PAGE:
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Lawyers Are Now The Driving

Force Behind Mortgage Scams
Posted: 06/09/2014 7:39 am EDT Updated: 06/13/2014 1:59 pm EDT
From the very first day she was allowed to speak with clients at her new law firm job, Michele Stephens
wondered if she was doing something unethical. By the time she quit, nearly a year later, she no longer had any
doubt about it. I was told to lie again and again, she said.
Stephens claims she took part in what consumer groups and federal regulators say is an especially ruinous scam,
directed by lawyers, meant to defraud desperate and broke homeowners.
Reading from a six-page script, Stephens told hundreds of clients solicited by The Hoffman Law Group of Palm
Beach, Florida, that the firm was suing banks on their behalf, seeking compensation for mortgage abuses. This
aggressive litigation was all made possible, she would say, by the fees homeowners paid to support the cases
$6,000 up front, plus $495 a month.

Vadim Govorov, a Staten Island homeowner, claims he paid $6,000 to Hoffman Law fund a lawsuit that had no chance of success. (Damon
Dahlen/The Huffington Post)

We want to make you whole ... to get you back to where you shouldve been had the lenders not engaged in
those shenanigans, the script says, according to a copy Stephens shared with The Huffington Post. We dont
think it will be difficult to convince a judge or a jury of the reasonableness of our position.
But the lawsuits eventually filed by the firm lacked many of the most basic required elements, such as detailed
information about each client's situation. The strategy never had a shot at accomplishing what was promised,
Stephens said she eventually determined. It wasn't long before judges began tossing the cases out of court.

Stephens maintains the operation at Hoffman Law was a fraud from the outset. Though her allegations have not
been proven, her account, also described in letters she wrote to many state attorneys general, offers rare insight
into the inner workings of a firm that has drawn the scrutiny of judges and state investigators.
The final straw, Stephens said, came when she spoke to a client who told her she was surviving on oatmeal to
afford the fees. It was all a load of crap, Stephens said.
The foreclosure epidemic that swept the U.S. after the financial crash has ebbed, but the business of preying on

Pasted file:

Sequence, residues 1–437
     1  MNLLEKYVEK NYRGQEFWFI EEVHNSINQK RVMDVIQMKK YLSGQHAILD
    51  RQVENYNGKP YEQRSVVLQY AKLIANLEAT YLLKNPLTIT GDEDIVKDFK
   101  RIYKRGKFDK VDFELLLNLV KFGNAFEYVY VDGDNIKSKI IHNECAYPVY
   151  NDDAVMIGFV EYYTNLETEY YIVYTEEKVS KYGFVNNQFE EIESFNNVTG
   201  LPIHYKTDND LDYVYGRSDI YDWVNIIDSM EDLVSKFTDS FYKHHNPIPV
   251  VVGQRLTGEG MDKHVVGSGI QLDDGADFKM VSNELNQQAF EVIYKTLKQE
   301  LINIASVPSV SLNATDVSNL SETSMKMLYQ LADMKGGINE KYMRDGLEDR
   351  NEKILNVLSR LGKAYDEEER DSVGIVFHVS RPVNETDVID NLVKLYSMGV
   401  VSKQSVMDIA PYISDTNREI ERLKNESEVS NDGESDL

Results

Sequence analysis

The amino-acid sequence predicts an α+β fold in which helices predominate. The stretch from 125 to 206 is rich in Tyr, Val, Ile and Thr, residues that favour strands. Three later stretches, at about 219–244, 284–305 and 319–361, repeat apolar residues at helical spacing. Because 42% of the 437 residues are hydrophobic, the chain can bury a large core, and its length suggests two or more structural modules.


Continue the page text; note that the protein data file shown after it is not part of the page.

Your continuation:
struggling homeowners remains a thriving concern. Since 2010, more than 40,000 homeowners have
complained they were scammed by someone promising to offer foreclosure assistance or help them with a
mortgage modification, according to an analysis of calls to the HOPE hotline, a resource for struggling
The most costly of these foreclosure rescue scams -- and now the most pervasive -- involve or are directed by
attorneys, according to the analysis, which was conducted by the Lawyers Committee for Civil Rights Under
Law, a group that helps monitor the hotline.
Last year, nearly 60 percent of all complaint calls to the HOPE hotline involved a lawyer, the group found.
That's up from 40 percent in 2010. The average loss claimed in schemes involving or directed by lawyers was
$3,601 -- about $800 more than in other types of deceptions, according to the analysis.

The schemes exploit the needs of untold thousands of people who have tried to refinance their mortgage under a
government-sponsored program like the Home Affordable Refinance Program (HARP), only to be met with
endless and costly frustrations -- including issues like lost paperwork and overcharges that in some cases have
led to wrongful foreclosures. A recent report by the California Reinvestment Coalition found that banks
continue to make foreclosure-related mistakes, despite many pledges of reform.
In phone calls and direct mailings, lawyers claim they can help. We have special relationships with banks that
can speed up the approval process, reads one such ad, cited by the Federal Trade Commission in a bulletin
warning against such offers.

Recruiting clients to sue banks as a group is a variation on this scheme. Lawyers promise these "mass joinder"
lawsuits will force banks to stop foreclosures and cut loan balances. Some borrowers have even been told they
could walk away with the title to their home, free and clear of any debt. All of this could happen in a matter of
months, the attorneys claim.
But such claims are bogus, advocates warn. "Run away as fast as you can" if approached to participate in such a
case, said Linda Mullenbach, an attorney at the Lawyers' Committee.
Valid mortgage fraud cases are filed only after extensive research into often messy and confusing mortgage
documentation. They typically take years to reach a conclusion.
Federal prosecutors recently charged seven people, including one lawyer, with operating a mortgage
modification scam outfit on Long Island that cost homeowners $2.3 million. But such frauds otherwise haven't
attracted much scrutiny from law enforcement officials, who have signaled they have more pressing priorities.
The Federal Bureau of Investigation has consistently ranked mortgage fraud as the lowest priority criminal